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Anti-Spam Agent for Novell NetMail



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October 10, 2004 2:40 pm

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I just released a new version containing support for the -f option. When specified, this option tells the agent to add the header “X-Spam-Flag: YES” to spam instead of deleting it. Information on configuring your clients to use this option can be found here.

When upgrading the agent, installing SpamAssassin from a package, or adding the agent to an existing SpamAssassin install, you can copy the downloaded spamd.raw over the installed spamd with minor modifications. There are four lines at the top of each file that need to be copied over. These lines contain options that are normally substituted at ‘make’ time. They are located directly below the license. You will also need to flag the file as executable using “chmod +x” or similar.

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History

This project is dedicated to creating a real anti-spam agent for Novell NetMail. The anti-spam agent included with NetMail only supports blocking email from particular domains. This is of course nearly worthless with the current volume of spam. Rather than “reinventing the wheel”, the current plan is to simply create a connector to SpamAssassin. SpamAssassin is written in Perl, and so should run on most of the platforms that NetMail runs on. For this reason I will be writing my agent in Perl as well.

The current implementation is a replacement for SpamAssassin’s spamd. Simply copy it over spamd.raw in the SpamAssassin distribution before installing SpamAssassin. You can specify the IP address and port NMAP is running on using the -i and -p options. If not specified it is assumed NetMail is running on the same box as SpamAssassin and on its default port. The new spamd will use this information to tell the NetMail server to send all new e-mail to it for spam checking. If SpamAssassin determines that the e-mail is spam, it is deleted, otherwise it continues through the NetMail queues. Note that due to problems with Novell’s implementation of Perl for NetWare (as documented below), NetWare is not currently a supported platform. If your NetMail server is running on NetWare you will have to run SpamAssassin on a different box and connect to NMAP over the network via the -i option.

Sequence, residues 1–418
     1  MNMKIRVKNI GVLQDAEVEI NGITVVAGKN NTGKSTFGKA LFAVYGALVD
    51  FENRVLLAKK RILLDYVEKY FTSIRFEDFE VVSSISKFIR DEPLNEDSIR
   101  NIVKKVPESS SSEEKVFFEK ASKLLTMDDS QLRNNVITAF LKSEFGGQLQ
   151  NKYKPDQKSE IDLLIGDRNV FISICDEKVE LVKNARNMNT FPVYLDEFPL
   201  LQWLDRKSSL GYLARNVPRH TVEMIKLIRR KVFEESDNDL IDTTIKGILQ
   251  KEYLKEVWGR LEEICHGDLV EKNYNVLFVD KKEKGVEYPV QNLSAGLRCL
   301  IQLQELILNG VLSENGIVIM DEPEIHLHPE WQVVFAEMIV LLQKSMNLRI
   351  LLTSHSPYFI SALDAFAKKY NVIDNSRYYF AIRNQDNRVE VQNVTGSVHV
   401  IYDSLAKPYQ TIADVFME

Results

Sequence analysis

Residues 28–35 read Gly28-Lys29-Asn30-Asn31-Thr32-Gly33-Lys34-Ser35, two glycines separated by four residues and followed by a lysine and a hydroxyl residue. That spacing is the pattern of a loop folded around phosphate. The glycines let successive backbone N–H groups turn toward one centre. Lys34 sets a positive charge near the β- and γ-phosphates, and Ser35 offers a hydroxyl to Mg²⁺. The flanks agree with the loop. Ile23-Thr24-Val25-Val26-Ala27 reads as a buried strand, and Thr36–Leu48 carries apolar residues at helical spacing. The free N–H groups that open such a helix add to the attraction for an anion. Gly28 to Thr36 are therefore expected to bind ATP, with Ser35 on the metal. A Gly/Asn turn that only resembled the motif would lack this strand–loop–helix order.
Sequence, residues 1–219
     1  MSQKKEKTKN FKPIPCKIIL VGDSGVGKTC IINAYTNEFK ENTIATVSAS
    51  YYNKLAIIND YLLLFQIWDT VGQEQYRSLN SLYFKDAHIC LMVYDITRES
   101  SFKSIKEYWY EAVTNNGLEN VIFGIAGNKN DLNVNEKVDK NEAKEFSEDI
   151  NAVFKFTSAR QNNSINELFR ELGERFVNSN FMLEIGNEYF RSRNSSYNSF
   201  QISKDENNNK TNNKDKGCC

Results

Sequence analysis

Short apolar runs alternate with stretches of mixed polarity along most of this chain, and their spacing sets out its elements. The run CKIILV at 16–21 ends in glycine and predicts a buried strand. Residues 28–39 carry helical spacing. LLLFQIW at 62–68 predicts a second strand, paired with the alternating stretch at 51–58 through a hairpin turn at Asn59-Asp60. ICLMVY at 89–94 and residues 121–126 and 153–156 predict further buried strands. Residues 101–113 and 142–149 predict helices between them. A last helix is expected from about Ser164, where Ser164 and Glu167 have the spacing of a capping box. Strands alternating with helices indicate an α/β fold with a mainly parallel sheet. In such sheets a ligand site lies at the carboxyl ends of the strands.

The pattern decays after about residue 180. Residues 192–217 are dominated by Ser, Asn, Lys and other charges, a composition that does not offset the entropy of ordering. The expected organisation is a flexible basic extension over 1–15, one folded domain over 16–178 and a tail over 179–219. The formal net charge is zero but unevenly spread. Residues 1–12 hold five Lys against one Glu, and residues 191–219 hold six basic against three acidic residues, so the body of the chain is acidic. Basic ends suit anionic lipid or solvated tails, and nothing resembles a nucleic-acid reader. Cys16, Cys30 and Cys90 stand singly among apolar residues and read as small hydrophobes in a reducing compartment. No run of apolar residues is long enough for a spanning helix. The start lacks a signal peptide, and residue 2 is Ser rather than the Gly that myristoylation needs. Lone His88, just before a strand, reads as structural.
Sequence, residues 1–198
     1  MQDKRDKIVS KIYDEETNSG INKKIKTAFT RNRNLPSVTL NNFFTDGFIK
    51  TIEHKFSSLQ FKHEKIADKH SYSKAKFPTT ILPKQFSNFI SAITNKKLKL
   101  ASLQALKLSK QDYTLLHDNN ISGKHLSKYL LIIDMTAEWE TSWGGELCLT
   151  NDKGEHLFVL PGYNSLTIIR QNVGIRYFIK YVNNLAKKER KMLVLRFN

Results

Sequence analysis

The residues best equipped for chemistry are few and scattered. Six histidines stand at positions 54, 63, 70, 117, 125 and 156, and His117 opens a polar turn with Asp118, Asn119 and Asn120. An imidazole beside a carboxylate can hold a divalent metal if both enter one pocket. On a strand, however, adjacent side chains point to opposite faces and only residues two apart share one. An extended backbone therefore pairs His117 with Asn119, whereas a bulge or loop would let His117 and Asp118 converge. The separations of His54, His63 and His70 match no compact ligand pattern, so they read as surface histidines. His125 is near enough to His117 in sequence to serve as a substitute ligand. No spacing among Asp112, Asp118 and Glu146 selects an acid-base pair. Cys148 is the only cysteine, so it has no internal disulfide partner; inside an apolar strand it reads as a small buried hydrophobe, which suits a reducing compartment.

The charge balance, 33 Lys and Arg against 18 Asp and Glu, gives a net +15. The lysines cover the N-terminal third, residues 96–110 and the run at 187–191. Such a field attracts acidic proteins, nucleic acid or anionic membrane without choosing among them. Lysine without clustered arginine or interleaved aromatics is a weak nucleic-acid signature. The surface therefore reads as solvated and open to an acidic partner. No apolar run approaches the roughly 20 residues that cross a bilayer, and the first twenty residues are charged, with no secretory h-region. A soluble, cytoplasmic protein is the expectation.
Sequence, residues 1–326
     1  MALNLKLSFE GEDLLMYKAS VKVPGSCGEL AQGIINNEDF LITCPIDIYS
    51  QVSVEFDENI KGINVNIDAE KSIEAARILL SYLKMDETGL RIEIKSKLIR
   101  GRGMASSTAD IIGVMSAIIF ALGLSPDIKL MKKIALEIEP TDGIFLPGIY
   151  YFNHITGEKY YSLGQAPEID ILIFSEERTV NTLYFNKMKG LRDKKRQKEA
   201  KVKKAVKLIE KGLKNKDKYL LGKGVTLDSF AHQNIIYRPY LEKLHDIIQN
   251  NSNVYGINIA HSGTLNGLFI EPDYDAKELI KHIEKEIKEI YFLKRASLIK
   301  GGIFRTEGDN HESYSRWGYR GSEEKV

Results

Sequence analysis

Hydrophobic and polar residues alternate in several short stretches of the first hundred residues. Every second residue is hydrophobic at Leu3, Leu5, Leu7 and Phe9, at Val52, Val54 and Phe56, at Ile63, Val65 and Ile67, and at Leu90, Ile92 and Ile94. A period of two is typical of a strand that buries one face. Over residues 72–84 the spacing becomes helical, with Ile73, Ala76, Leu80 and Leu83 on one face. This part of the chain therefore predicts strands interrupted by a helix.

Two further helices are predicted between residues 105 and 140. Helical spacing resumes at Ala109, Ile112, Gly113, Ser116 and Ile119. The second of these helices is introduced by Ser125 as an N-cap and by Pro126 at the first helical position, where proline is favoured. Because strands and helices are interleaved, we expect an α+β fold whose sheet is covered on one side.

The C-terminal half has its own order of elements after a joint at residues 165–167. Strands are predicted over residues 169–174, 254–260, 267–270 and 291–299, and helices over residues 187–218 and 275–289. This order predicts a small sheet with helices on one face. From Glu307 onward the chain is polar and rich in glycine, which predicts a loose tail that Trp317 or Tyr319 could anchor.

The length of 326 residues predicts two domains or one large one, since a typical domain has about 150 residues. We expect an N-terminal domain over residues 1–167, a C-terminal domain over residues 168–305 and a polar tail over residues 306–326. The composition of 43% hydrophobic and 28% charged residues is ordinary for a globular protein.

SpamAssassin v2 is released under the Perl Artistic License. SpamAssassin v3 will change to the Apache Software License. To keep things simple, my versions of spamd, which use large parts of the original spamd, will be released under these same licenses. All of my small programs used in the development of the agent are released under the GNU GPL.

Development notes

NetMail is designed with modularity in mind. Once a message is received by the STMP agent, it is run though the message queues by NMAP. Agents attached to each queue can then modify, delete, or pass the message to the next queue. As I develop this new agent I will be posting notes on this page to assist others in developing NetMail agents. I will also be adding small programs to CVS that I have written along the way. Novell’s NetMail SDK can be found here. The developer support forum is here. The user support forum is here.

The first problem I ran into when I began this project was with registering my agent with NMAP. Novell’s NMAP protocol specification lists the agent registration command as “QWAIT <identifier> <queue> <port>” when the actual command is “QWAIT <queue> <port> <identifier>”.

The next problem was a little harder to workaround. As NetMail is heavily multithreaded, any NetMail agent must also be. Since my NetMail servers run on NetWare, I was using NetWare as my development platform. Unfortunately, per the Perl for NetWare readme, the “fork method is not yet implemented on NetWare.” Not too big a problem though, I can always use threads. Except “scripts that use the ‘Thread’ and ‘threads’ modules may not work as desired.” Ok, no problem, guess I’ll just have to use non-blocking IO. Unfortunately my tests indicate IO::Select does not work on NetWare either. Bottom line, there is no way I can see to do this in Perl on NetWare. Luckily NetMail is designed so its agents can be on multiple servers. From this point on development was geared toward running SpamAssassin and the agent on a Linux box connecting to NMAP over the network.

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Disclaimer: This content is not supported by Novell. It was contributed by a community member and is published "as is." It seems to have worked for at least one person, and might work for you. But please be sure to test it thoroughly before using it in a production environment.

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